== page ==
Tuesday, November 10, 2009

More Heliose advice

Well Heloise, it’s been awhile since I last wrote to you but the other day I figured out something that might be of help to your readers. I’m sure that we’re all eager to add to our road kill skull collections but sometimes the "road kills" that we find are a little too far gone to handle. I’m sure that we’ve all passed up some nice specimens just because they were kinda "high". Well. Our neighbors, John and Janet, had some jerk shoot a really big bear on their property and the poor thing wasn’t found until 9 days later. It’d been warm here so you can imagine. But what a shame it would be to waste a perfectly good bear skull by letting the coyotes run off with it. Well I thought; some folks might not be able to do this (remove the head) and to tell the truth, I wasn’t sure that I could either. I mean it was a 400 pound bear and the smell of cadaverine and the buzzing of the flies, not to mention the heat and the pale seething mass of maggots... well you get the picture. We none of us know how we might react to these things once the flailing of the ax gets serious.
Well the hint is: get one of those dust masks (or even a rag) and put some of that good old Dr. Bronner’s Castille Peppermint Hemp soap on it. Wear that over your nose while you’re chopping and slicing and you’ll be just fine. I never even got close to that "Whoops" moment and I hardly sweated at all. I’m sure that this will be a help to your readers.

Your redneck friends R & D

Dear Heloise:
As you know, the milky spore dust that is effective against Japanese Beetle larvae is very expensive. If you read the list of ingredients you see that about 99% of the dust is inert filler. It’s just "dilution" to increase the volume and allow you to more easily handle the treatment. Besides, would we buy it if it cost the same and came in a one tenth ounce package? Well if dilution is the game, and ease of application is the goal and protection against drying is recommended (they tell you to apply prior to rain or to water it in), then why not just mix the dust with water? A few tablespoons of treatment in an old gallon milk jug well shaken is far easier to disperse around your lawn than any kind of dusting strategy. You just walk around and shake out the water. You can spread out your treatments and get far better coverage from the few ounces of dust if you apply it in this manner.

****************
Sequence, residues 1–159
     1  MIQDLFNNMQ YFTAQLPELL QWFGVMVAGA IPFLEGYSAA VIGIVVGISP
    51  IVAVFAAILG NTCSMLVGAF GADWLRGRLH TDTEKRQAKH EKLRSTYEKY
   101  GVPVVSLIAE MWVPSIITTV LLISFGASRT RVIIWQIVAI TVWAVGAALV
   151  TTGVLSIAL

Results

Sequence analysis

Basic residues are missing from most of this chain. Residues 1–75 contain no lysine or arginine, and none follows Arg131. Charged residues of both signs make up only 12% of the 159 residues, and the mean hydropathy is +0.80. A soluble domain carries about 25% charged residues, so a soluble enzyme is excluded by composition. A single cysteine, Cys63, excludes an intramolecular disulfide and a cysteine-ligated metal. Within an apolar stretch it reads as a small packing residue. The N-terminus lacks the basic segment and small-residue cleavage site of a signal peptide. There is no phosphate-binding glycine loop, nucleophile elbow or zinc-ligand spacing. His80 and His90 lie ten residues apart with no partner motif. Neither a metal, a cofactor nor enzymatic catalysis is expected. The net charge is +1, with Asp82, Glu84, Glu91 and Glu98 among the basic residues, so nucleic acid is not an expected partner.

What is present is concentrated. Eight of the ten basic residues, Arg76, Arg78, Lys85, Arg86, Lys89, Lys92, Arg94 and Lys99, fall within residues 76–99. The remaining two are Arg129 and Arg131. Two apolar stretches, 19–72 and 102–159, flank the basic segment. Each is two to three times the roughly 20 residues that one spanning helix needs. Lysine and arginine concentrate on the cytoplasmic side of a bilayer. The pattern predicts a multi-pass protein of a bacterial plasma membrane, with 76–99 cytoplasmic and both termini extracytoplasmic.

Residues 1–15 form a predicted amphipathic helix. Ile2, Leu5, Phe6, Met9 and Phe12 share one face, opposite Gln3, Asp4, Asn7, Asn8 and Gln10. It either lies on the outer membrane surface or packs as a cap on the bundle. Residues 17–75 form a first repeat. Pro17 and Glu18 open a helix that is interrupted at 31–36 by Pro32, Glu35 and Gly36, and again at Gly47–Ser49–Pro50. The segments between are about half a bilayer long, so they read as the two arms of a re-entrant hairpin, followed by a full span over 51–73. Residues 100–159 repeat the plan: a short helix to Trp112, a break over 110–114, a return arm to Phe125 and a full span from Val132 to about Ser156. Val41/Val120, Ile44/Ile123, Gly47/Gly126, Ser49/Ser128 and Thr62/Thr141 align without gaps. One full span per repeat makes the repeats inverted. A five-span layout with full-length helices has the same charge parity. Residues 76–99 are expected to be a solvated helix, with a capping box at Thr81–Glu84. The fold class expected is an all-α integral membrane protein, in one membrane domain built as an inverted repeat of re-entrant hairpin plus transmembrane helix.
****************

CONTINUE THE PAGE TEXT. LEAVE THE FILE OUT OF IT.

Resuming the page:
I hope this helps all your readers.

If you’ve ever had a problem with ants or other insects climbing down the hanger and getting into your humming bird feeder and contaminating the sugar water, here’s a trick that really works well.
Cut about a inch off the bottom of any plastic bottle that has the "champagne bottle" shaped bottom. This gives you a hollow half of a torus. Now just thread some fairly stiff copper wire (like # 14 gauge) through a hole in the high part in the middle of the half torus. By putting a knot or even twisting some lighter wire around this wire, you can support the torus in the middle and the wire passing through will be your hanger. By using soft copper, you can attach any kind of extension to the top or any kind of hook to the bottom and hang you feeder below the torus. Now all you have to do is put some oil in the torus and the ants would have to walk or swim through oil to get down the wire to you feeder. They won’t do it. I use chain saw bar oil. It doesn’t evaporate (I’ve used the same trap for three years without having to replenish it).
A good wheel barrel is a useful tool but we all tend to kind of abuse it. After all, it’s designed to have stuff piled into it and then dumped out. Rocks and dirt and concrete are pretty abrasive and then the metal can rust pretty badly. Well the front lip of the barrel where the majority of the wear takes place can be easily protected by slipping a length of old garden hose over the front lip. It also protects more fragile things like good lumber or anything you might want to move with the barrel from being scratched by the beat up front lip.

So Heloise, how YOU doin’?

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